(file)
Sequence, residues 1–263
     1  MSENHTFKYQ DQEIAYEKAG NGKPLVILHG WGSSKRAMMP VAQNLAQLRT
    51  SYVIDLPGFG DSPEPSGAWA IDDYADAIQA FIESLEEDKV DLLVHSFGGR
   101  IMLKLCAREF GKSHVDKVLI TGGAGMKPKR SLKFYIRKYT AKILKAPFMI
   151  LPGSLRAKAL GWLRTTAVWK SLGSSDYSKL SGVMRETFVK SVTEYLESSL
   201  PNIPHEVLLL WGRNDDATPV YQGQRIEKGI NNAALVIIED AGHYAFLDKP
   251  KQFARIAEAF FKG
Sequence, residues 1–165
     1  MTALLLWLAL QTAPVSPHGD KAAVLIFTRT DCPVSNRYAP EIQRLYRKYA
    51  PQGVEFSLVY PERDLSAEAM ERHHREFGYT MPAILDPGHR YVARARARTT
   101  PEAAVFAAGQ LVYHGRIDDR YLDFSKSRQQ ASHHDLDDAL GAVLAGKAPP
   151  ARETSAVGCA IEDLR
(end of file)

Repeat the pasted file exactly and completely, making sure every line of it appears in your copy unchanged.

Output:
Sequence, residues 1–263
     1  MSENHTFKYQ DQEIAYEKAG NGKPLVILHG WGSSKRAMMP VAQNLAQLRT
    51  SYVIDLPGFG DSPEPSGAWA IDDYADAIQA FIESLEEDKV DLLVHSFGGR
   101  IMLKLCAREF GKSHVDKVLI TGGAGMKPKR SLKFYIRKYT AKILKAPFMI
   151  LPGSLRAKAL GWLRTTAVWK SLGSSDYSKL SGVMRETFVK SVTEYLESSL
   201  PNIPHEVLLL WGRNDDATPV YQGQRIEKGI NNAALVIIED AGHYAFLDKP
   251  KQFARIAEAF FKG
Sequence, residues 1–165
     1  MTALLLWLAL QTAPVSPHGD KAAVLIFTRT DCPVSNRYAP EIQRLYRKYA
    51  PQGVEFSLVY PERDLSAEAM ERHHREFGYT MPAILDPGHR YVARARARTT
   101  PEAAVFAAGQ LVYHGRIDDR YLDFSKSRQQ ASHHDLDDAL GAVLAGKAPP
   151  ARETSAVGCA IEDLR